The rainforest. You’ve all probably seen it on tv. But have you ever paddled through the morning mist in a log boat? More    

Faces of Odzala

Education
Education
Animal, species and environmental protection
Animal, species and environmental protection

A GREEN TREASURE

The Congo-Basin in Central Africa harbors around one fourth of the worldwide rainforest stock. With 1.7 million km2 it is the second largest coherent rainforest territory on earth, only the Amazonian rainforest is larger. In the heart of the massive rainforest lies a nature reserve of 13,500 km2: The Odzala-Kokoua national park.

THE GOAL: 20/20

By the year of 2020 a total of 20 million hectares of rainforest are to be declared part of the nature reserve. A vision, but most of all a strategy for survival for our earth. The rainforest in Africa may be far away for Europeans or Americans, but its destruction threatens all people and animals, as the forest plays a fundamental role in the stability of the world climate.

RAINFOREST MEANS BREATHING

Rainforests filter around 200 tons of carbon dioxide per hectare and store it. This way rainforests bundle the harmful greenhouse gases and stabilize the climate. The rainforest of the Congo-Basin is a giant storage for CO2 and herewith of critical importance for the global climate. The Central African rainforest stores around 36 tons of carbon dioxide, rudimentary the yearly worldwide emission, and around 42 times as much as Germany produces in one year (850 million tons of CO2).

CAN’T DO WITHOUT!

Without these massive storages for carbon dioxide we would be faces with a huge problem. The heating of the hearth would be unstoppable, which would carry immense consequences with it. Glaciers would melt faster, the sea level would constantly rise. Entire habitats, including its animals and plants would disappear. It's time to stop the destruction of the rainforest!"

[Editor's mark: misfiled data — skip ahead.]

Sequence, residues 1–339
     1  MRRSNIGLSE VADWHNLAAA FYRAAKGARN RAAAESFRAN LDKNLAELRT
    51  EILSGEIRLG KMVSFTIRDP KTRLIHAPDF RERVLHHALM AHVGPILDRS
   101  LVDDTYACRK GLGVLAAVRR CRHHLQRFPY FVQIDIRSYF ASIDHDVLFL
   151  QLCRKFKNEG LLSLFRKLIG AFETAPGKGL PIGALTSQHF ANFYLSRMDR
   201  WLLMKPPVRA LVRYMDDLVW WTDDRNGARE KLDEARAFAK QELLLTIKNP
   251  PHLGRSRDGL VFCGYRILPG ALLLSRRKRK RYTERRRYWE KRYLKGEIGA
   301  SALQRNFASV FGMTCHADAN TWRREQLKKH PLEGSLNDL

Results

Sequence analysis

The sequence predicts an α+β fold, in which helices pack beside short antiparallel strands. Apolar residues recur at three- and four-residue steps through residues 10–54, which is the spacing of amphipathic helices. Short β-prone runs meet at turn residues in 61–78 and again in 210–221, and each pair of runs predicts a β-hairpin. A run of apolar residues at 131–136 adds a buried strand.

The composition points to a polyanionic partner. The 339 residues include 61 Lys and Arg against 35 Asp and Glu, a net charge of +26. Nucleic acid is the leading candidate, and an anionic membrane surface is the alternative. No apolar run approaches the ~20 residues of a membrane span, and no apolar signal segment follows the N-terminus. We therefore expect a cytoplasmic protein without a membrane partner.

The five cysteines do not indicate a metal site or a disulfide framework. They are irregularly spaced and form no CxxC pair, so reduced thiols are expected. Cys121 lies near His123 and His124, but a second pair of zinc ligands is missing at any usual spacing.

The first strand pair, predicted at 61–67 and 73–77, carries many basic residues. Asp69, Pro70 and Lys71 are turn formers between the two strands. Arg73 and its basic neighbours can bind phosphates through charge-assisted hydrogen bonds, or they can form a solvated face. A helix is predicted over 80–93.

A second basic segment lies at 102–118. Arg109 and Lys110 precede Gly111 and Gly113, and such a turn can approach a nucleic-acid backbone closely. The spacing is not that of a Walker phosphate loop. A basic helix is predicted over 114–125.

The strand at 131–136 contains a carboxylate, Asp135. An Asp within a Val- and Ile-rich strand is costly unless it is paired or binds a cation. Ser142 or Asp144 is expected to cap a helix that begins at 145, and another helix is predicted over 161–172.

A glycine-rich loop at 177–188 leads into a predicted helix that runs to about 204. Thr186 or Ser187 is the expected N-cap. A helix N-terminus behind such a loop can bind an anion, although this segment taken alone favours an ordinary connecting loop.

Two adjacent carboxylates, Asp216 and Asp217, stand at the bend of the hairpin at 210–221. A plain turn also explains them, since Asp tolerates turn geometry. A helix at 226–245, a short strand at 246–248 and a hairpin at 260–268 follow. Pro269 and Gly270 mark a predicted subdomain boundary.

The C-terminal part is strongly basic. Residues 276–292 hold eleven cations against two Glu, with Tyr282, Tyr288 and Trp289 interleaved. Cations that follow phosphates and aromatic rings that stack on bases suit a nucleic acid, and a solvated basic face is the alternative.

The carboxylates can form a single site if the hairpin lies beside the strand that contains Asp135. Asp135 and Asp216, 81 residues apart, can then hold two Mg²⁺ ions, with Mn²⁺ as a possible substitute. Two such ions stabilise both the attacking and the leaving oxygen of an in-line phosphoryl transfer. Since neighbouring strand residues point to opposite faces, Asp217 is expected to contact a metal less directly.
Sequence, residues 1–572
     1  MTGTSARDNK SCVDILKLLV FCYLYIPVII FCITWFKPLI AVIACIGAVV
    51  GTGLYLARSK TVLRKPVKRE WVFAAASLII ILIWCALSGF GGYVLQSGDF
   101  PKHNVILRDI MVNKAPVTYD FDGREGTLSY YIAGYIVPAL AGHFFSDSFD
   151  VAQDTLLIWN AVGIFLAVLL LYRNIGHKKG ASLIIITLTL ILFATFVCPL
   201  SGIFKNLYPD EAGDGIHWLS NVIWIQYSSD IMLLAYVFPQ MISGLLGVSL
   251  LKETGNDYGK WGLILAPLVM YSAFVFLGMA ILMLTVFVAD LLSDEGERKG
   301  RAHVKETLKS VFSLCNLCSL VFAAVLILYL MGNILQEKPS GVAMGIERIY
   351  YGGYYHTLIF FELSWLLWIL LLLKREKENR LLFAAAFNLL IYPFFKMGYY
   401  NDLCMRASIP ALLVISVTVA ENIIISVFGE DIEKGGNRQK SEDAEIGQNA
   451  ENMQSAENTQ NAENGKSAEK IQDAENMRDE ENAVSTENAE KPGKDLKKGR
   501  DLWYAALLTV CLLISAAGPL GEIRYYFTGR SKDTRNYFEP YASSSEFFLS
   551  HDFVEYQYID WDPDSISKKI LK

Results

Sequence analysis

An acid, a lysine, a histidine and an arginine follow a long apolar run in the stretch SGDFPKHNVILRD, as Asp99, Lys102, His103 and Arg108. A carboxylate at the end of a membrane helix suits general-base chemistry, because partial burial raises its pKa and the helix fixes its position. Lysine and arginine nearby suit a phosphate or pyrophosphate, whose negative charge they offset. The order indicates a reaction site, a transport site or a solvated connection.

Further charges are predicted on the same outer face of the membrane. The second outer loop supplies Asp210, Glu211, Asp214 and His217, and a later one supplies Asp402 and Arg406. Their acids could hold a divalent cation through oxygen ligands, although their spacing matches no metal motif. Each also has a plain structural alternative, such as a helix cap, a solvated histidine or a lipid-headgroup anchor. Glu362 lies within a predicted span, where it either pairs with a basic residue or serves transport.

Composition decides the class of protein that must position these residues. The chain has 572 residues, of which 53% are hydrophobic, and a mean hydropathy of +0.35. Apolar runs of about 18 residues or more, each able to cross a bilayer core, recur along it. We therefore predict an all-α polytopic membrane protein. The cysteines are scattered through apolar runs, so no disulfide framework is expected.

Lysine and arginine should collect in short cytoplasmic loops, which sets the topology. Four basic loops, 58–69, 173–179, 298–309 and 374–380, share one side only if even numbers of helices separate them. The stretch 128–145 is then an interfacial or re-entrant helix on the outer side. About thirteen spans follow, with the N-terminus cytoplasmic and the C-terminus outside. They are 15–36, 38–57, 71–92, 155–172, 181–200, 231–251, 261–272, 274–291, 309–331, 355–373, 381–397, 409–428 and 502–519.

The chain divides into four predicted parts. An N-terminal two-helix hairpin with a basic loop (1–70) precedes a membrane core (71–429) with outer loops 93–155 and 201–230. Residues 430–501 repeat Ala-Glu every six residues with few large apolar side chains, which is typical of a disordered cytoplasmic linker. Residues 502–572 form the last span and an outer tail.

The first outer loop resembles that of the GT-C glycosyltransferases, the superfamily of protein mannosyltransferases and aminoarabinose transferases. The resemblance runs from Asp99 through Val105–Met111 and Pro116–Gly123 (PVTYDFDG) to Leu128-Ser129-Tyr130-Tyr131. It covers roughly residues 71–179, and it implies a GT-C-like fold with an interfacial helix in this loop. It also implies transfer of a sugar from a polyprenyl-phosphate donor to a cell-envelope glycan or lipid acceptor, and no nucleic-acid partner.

MILLIONS OF YEARS TO GROW, DECADES TO BE ABOLISHED

Some rainforest areas in the world are 100 million years old. In just a few decades the people have alarmingly decimated this vital treasure. Every year around 200000 km2 of forest disappear from the map – through illegal deforestation or fire clearing. What people reach with this is climatic suicide. The 20/20 project is a visionary initiative to stop the destruction of the rainforest. It’s a start!

IN THE FOREST OF SUPERLATIVES

No other place in the world harbors as many different animal and plant species as the unique habitat of the rainforest. Similar to large cities ground area is a scarce good – so construction and growth go upwards.

GROWTH ON DIFFERENT FLOORS

This construction mode consists of high trees, medium sized plants and grasses, and the „epiphytes“ that grow on other smaller plants. They can then absorb more sunlight than the plants growing on the ground.

FOREST-NATIONS

The rainforest is the livelihood for millions of people in central Africa. Humans and nature live together closely, in good times and in bad. Entire cultures, such as the Pygmy people for example lead a “forest life”. Some Pygmy and Bantu tribes live on the border of the national park. The forest is their living environment, jungle pharmacy, shelter and food source. Should the forest disappear, the tribes would follow soon after. Thus any destruction of nature will sooner or later affect the people, too. The approach set up by the Odzala Foundation is therefore holistic: to strengthen the people in order to allow them to become protectors of the rainforest and its animals.

EXPERIENCING THE RAINFOREST

The Odzala project offers the unique opportunity to experience the rainforest of central Africa. Karl Diakite is one of the video reporters giving accounts straight from Odzala. Day after day he is en route with his camera. Fascinating animals, exciting discoveries in the thick jungle, to marvel at, learn, and pass on – here on www.odzala.com - your direct connection to Odzala.